400-level Medicine & Surgery
Olabisi Onabanjo University
The first time I saw a surgery, it was a mastectomy—I can’t remember if it was the left or right breast. I can, however, remember, vividly, the tightening in my belly when the breast tissue was lifted away from the body and kept in a jar. The questions that flooded my mind came from nowhere!
Is this how futile our body parts are?
At what point did she decide she was ready to give up one of the pair of organs she was probably most excited about when puberty visited?
Did she have a husband? Did it matter to him?
What stage was her cancer at?
Did she need to get a special kind of underwear?
What will they do with the breast mass?
After the anaesthesia wears off, will the stitches hurt?
These questions didn’t see the light of the theatre, and I didn’t even bother pushing them. They just sat still in my mind, gathering dust for the next journey.
This procedure was apparently the last resort for women whose breast cancer couldn’t be controlled. My mind raced back to a loved one we lost to this disease. I didn’t remember crying then—I had mastered the art of mourning silently and that ability came in handy as I mourned my freedom that day in the operating room.
At what point do I unlearn the theme songs of all the Nickelodeon shows from my young teenage years and replace them with surgical terms and procedures?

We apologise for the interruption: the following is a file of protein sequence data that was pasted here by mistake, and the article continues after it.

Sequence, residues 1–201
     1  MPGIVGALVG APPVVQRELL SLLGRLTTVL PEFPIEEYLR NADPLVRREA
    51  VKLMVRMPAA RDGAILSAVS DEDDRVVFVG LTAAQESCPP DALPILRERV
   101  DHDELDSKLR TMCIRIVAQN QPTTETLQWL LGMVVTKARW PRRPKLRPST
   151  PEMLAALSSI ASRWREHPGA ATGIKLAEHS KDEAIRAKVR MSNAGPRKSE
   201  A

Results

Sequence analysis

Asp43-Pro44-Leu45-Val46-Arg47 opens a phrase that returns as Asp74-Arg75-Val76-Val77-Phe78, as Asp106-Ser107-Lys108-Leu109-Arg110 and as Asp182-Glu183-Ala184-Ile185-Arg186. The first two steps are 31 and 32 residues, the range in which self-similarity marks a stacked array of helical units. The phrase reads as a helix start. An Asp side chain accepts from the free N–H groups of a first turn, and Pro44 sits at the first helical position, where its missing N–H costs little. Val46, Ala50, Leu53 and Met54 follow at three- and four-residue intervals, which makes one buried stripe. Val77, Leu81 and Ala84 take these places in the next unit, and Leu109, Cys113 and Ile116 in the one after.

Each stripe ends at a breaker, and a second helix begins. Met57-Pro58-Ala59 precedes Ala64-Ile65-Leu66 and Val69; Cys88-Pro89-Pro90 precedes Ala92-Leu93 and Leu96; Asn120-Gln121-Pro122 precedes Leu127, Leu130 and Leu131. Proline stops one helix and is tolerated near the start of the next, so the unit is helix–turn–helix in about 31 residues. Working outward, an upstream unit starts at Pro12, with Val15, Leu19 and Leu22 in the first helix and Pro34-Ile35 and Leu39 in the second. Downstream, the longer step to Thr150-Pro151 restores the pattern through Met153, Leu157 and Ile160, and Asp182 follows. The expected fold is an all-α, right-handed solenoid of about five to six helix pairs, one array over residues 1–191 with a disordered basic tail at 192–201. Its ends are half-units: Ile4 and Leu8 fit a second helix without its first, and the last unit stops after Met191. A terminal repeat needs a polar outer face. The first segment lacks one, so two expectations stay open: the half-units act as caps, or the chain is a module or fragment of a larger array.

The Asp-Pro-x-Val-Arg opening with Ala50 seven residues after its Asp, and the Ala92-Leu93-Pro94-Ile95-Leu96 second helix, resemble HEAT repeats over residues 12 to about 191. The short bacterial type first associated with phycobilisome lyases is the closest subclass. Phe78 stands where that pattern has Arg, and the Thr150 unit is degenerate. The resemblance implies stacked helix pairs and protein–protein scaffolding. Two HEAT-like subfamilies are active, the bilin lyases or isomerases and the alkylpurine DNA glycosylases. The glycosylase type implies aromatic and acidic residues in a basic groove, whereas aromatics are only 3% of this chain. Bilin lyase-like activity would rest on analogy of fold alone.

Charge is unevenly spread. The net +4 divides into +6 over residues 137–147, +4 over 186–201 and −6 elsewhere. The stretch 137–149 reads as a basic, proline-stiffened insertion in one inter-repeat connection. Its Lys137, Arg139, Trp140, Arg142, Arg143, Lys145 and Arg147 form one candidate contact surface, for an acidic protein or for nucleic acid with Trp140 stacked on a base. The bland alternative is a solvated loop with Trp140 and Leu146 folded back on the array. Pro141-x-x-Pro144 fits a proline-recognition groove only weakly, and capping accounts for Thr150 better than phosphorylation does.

Did they teach how to withstand pain here?
Or will the tightening in my belly become so familiar that I won’t feel it?
How would I look in that surgical gown? Holding that scalpel?
Did I need to throw away my large hoops?
The multiple questions were back, and this time, they didn’t sit still. They threw tantrums, complaining about how the previous questions were sitting in their space.
Watching the surgeon go layer after layer with precision and sheer skill, I remembered I still couldn’t even walk in a straight line. Maybe that precision and accuracy were needed for just surgery.
Do I even want to be a surgeon?
Unlike other departments, they weren’t actually cajoling us to specialize in surgery. They threw subtle shades at other departments—very subtle, with no actual effort. Maybe because they knew that just watching them open up a human body, like it was 100-naira Agege bread, and rearranging the insides, like a woman arranging the fruits she hawked, was enough to help us decide to either join the league of those who knew the human body well enough to reach into it and fix it or just stay away because the smell made us puke.